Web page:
©Arnold J. Bradford, 2012.

Trail Improvements

The Regional Park Authority (I assume it is they) has done extensive repaving from Park Street near the Vienna Rec Center eastward past our right-of-way access.  The surface is glorious, its blackness already compromised by the extensive tree pollen fall and the dusty air of a dry spring.  How far eastward they have gone I am not sure, but I think they’re not to Gallows Road yet.  I’m going to hold off finding out as long as possible, because I noticed that when they were crossing Cedar Lane they were paving one side at a time, and letting trail traffic pass in alternate directions along the other half.  That’s a nuisance when you’re cruising along.

One downside of repaving is that I have lost some of my “marks,” notably the bad, rough patch about 2/3 of the way up the hill riding eastbound from Vienna.  That is the spot where I always have to drop a gear as the grade steepens slightly.  But I won’t miss it.  It’s the same spot where I had to stand on the pedals going westbound downhill to avoid a bone-jarring banging over the rough pavement, then stay to the left to avoid a circular “pothole” dip on the right.  A set of diagonal bumpy ridges angling across the trail near the eastern foot of the hill is also gone, removing a distraction when passing a walker on a curve where the rider needs to look ahead and uphill.

Between Vienna and Hunter Mill Road much contractor work is going on.  One item seems to be a new electric substation or something right in the middle of the low, mucky area to the south side of the trail.  Other workers are clearing the bridle trail and other areas near the power lines with chainsaws, and yet others seem to be working on final repairs to three spots where there were serious washouts under the trail surface during the torrential rains of last fall.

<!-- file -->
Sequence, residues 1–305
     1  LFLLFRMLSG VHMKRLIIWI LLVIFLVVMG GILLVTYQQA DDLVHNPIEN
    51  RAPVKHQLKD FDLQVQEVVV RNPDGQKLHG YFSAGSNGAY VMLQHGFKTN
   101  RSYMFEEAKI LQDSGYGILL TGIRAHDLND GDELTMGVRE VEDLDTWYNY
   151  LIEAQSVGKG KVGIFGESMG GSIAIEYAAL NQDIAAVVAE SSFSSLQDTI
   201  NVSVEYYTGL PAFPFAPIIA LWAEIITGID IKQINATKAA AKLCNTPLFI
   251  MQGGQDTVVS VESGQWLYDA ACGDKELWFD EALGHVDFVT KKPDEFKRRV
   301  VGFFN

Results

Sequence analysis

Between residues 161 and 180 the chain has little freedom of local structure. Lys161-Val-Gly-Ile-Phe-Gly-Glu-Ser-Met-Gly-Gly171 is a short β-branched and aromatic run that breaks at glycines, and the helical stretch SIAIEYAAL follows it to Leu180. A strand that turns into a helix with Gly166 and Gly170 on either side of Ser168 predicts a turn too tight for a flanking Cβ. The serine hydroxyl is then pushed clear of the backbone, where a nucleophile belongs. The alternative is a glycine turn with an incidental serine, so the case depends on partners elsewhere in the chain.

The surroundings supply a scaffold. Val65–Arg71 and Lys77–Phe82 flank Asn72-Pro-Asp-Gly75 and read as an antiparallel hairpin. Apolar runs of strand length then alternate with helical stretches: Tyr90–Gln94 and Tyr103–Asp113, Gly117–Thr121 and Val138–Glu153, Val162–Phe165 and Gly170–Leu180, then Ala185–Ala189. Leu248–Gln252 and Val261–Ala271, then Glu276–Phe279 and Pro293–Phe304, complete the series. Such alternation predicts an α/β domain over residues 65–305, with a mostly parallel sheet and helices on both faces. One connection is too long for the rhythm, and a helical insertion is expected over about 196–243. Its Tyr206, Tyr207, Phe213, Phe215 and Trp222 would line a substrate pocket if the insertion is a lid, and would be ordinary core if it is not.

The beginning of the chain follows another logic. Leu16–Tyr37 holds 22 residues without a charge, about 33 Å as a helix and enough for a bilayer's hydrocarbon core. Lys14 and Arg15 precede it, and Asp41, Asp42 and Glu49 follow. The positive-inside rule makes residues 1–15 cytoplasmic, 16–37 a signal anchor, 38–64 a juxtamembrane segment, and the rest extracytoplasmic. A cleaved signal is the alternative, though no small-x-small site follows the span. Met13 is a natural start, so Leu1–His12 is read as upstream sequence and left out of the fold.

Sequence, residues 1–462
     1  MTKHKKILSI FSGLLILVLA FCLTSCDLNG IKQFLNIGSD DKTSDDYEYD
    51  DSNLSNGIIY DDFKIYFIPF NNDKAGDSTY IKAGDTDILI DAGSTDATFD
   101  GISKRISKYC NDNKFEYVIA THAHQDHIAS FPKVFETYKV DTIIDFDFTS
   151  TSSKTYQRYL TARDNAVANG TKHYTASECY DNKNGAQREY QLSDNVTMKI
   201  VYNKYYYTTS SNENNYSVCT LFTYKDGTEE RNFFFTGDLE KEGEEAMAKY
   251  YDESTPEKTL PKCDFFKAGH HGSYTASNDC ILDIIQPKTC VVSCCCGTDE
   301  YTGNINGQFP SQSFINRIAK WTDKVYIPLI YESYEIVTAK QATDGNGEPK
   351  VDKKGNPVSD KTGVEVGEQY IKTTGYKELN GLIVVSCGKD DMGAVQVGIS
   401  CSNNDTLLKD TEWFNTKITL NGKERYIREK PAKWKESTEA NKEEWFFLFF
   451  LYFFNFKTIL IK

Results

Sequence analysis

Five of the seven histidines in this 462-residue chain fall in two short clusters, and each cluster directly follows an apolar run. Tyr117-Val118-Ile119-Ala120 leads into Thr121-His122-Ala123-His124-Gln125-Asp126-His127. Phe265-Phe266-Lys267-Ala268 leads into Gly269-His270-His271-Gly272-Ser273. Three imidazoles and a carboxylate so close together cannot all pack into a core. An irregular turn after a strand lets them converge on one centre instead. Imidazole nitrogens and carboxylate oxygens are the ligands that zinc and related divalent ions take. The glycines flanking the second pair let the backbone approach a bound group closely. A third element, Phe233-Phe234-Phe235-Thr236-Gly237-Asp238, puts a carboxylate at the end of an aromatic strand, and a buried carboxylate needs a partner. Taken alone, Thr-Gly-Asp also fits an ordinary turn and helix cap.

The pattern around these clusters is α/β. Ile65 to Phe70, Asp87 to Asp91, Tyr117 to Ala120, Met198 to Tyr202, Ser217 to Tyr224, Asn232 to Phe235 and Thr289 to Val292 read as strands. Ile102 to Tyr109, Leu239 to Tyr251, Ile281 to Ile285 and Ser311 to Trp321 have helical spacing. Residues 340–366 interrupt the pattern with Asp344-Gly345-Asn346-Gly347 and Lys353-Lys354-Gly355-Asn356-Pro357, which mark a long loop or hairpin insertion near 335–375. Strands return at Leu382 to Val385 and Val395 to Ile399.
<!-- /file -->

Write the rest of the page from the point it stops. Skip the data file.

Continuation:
As usual, my complaint is that the contractors park their vehicles halfway on the trail surface even when there is ample solid ground to get them all the way off the trail.  I just don’t get it, and I sure don’t like it, because it breaks up my rhythm and slows everything down.

But all that is secondary to the washout repairs.  The trail is often closed entirely in a section between Clark’s Crossing Road and Hunter Mill Rd., traveling westward.  Cyclists are diverted onto the bridle trail.  That trail has sections of loose fine gravel, hard-packed fine gravel, hard-packed dirt, and/or loose sand.  This is not an ideal environment for road bikes with 23mm tires inflated to 8 atmospheres.  The best bet is to stay to the edge of the bridle trail, just off it in fact, where the surface is hard-packed dirt and now well-worn grass.  Of course that edge often gets extremely narrow or disappears altogether.  And then at either end of the detour there are steep descents/ascents as you get off/back on the trail.  And they’re almost pure fine gravel, tough to deal with.

In a way the alternate provided by the detour is a pleasant challenge, but it’s also an annoyance, one that keeps me from judging my speed and thus my conditioning very accurately for this familiar route.  I’m trusting they’ll be done in a couple of weeks.

©Arnold J. Bradford, 2012.

Frazz, the Cyclist’s Comic Strip

As a cyclist, I’ve got to praise Jef Mallett. Not only was he the first and only cartoonist ever to work the title “Omloop Het Volk” (the former name of the first northern European race of the spring) into a daily syndicated column, but he makes an even better point about a recent race in this strip.